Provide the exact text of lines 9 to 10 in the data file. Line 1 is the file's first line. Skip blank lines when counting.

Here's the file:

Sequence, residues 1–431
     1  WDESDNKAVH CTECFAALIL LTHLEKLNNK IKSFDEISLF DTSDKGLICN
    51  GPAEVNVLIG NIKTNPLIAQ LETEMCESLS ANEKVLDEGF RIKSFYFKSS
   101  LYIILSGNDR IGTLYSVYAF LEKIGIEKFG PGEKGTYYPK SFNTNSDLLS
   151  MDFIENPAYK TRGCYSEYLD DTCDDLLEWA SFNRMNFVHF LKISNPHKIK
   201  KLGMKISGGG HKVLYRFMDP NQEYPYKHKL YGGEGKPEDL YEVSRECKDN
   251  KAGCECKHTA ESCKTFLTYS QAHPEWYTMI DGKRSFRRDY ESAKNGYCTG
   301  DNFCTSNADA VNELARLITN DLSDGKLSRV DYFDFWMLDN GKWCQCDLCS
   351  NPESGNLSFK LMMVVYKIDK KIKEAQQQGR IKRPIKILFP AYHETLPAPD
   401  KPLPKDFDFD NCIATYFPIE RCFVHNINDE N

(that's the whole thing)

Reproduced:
   351  NPESGNLSFK LMMVVYKIDK KIKEAQQQGR IKRPIKILFP AYHETLPAPD
   401  KPLPKDFDFD NCIATYFPIE RCFVHNINDE N